I was raised Irish Catholic. My parents were very conservative and cared deeply for their image as individuals and as parents, often portraying our family as the cast of Pleasantville. They felt strongly about the connection of family and instilled within me the strength and comfort that family brings in times of difficultly. My mother often used the old Irish proverb, “If it doesn’t kill you, it will just make you stronger.” Later in life, I would come to realize the true impact of these words.
My parents often contradicted their own values because they fought constantly and their personal stressors adversely affected my brothers and me. Their verbal abuse instilled insecurities within me, which resulted in my false perception of reality.
As I grew older, my insecurities grew deeper, and I was hesitant to commit to serious relationships. I did not want to have the same type of relationship that my parents had, and I found myself working longer hours, at three jobs, while attending high school, in an effort to avoid going home.
Years later, I overcame many of my insecurities and married, still not fully understanding the functionality of a normal relationship, and had two children. As parents, our plan was to provide a safe and secure environment for our children with open communication. We did not want to make the same mistakes that my parents had made.
With the stressors of work, raising children, adjusting to married life, and finances, I found that my husband and I were beginning to experience marriage difficultly, much like my parents had. Together, we realized that the stressors of our relationship could have a devastating effect on our children, and we took the initiative to develop our communication skills.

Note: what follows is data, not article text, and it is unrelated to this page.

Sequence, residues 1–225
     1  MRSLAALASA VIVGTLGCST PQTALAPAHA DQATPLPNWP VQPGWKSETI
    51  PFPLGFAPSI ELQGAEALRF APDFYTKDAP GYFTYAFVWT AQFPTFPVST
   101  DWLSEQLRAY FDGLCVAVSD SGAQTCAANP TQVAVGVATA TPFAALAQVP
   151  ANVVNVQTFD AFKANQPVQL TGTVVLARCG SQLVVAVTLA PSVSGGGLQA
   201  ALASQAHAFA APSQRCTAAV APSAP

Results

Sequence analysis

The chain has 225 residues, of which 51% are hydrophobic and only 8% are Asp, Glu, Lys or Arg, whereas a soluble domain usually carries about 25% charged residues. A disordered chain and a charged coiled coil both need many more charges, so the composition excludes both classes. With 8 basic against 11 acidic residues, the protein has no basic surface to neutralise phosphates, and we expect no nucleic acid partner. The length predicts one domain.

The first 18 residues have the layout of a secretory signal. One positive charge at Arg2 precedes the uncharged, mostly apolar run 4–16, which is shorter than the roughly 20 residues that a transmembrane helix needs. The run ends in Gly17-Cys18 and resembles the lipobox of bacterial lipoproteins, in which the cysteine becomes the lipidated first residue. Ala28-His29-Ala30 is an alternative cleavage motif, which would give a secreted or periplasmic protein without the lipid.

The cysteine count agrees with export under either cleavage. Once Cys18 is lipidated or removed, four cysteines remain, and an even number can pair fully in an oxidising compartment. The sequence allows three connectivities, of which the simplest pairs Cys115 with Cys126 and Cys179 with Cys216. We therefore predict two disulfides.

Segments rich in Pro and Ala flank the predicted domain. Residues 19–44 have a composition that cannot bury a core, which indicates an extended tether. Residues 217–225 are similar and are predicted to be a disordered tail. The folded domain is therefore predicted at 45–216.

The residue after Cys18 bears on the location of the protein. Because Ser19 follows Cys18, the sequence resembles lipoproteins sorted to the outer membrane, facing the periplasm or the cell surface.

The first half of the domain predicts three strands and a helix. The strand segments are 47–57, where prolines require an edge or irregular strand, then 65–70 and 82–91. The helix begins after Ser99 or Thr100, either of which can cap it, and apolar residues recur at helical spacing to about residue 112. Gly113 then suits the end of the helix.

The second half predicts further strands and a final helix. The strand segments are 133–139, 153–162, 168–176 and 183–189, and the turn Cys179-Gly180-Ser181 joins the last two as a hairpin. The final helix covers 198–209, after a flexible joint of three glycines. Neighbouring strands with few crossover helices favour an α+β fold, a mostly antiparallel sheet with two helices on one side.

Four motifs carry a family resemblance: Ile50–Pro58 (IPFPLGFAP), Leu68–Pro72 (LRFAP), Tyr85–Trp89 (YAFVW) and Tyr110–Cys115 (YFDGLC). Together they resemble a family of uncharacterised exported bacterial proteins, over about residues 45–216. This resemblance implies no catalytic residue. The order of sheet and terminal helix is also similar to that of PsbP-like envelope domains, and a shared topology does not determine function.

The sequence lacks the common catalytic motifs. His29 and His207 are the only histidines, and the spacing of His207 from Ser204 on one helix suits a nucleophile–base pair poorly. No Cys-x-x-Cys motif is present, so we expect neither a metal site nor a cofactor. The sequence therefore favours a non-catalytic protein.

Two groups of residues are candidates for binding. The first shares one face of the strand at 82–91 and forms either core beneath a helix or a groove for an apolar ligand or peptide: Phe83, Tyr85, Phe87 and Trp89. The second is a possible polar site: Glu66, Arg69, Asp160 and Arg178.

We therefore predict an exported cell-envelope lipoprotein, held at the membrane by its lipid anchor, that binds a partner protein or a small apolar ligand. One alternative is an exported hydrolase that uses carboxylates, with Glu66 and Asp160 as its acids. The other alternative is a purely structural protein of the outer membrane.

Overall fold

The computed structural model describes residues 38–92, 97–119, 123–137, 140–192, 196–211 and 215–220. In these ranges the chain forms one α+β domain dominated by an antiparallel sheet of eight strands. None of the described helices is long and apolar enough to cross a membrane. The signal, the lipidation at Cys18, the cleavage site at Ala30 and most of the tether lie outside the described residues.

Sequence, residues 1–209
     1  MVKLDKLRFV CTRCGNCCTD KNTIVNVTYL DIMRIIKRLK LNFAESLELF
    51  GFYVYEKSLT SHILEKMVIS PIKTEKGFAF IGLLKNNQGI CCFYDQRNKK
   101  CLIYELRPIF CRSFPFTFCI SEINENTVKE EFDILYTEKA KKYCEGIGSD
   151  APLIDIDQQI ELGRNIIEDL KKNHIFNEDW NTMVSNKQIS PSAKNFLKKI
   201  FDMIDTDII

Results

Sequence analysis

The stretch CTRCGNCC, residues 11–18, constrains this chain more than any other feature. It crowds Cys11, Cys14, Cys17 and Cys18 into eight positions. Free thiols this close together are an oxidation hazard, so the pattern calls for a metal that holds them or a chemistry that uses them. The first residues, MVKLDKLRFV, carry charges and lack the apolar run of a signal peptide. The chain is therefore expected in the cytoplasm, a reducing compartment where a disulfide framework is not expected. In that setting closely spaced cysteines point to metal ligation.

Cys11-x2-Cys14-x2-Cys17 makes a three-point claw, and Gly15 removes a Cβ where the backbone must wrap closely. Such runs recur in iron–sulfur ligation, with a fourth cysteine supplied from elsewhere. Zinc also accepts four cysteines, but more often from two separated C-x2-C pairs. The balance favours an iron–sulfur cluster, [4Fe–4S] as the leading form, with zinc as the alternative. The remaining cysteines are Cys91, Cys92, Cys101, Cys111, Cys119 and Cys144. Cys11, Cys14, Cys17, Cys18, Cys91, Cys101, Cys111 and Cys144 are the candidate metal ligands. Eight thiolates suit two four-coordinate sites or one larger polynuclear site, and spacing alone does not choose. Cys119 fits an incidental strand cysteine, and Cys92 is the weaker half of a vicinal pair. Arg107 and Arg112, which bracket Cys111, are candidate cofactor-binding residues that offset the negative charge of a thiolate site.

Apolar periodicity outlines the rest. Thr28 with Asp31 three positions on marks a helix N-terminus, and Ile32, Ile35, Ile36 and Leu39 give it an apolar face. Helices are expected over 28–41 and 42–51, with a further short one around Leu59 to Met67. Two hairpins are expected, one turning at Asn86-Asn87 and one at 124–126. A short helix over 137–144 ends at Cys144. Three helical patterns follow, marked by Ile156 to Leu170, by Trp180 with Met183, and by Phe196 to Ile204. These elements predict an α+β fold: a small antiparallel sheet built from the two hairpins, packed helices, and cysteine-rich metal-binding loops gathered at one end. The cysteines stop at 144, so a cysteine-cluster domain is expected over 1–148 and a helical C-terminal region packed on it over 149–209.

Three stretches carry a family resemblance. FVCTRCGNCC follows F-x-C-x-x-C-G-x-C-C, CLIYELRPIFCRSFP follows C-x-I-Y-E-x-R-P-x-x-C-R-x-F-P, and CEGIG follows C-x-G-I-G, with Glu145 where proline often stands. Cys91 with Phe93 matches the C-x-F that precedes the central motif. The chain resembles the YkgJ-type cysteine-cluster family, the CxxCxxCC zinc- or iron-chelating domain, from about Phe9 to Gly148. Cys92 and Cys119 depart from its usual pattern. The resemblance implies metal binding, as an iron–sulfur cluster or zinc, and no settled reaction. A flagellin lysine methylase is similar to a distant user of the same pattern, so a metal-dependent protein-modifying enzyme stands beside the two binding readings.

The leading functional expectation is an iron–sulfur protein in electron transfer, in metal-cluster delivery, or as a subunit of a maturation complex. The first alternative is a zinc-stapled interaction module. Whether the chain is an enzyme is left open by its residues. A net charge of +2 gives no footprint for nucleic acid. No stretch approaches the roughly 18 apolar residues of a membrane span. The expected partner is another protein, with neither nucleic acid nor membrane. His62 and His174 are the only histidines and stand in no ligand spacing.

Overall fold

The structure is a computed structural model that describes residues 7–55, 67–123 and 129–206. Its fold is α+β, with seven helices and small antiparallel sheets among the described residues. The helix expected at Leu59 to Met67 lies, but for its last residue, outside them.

I learned to lead by example. Every parent is entitled to mistakes but should challenge themselves to succeed. I learned from my parents mistakes and strive to provide a healthy, secure environment for my family. I have become selfless when it comes to my family. Through every experience and every obstacle that we encounter, we grow stronger as a family. My family keeps me grounded and brings me strength. My husband inspires me to grow as an individual and my children motivate me to succeed as a mother.
Rather than dwelling on my childhood and wondering what could have been better, I have learned to accept the past and challenge my future. This is what I believe. As the old Irish Proverb states, “If it doesn’t kill you, it will just make you stronger.”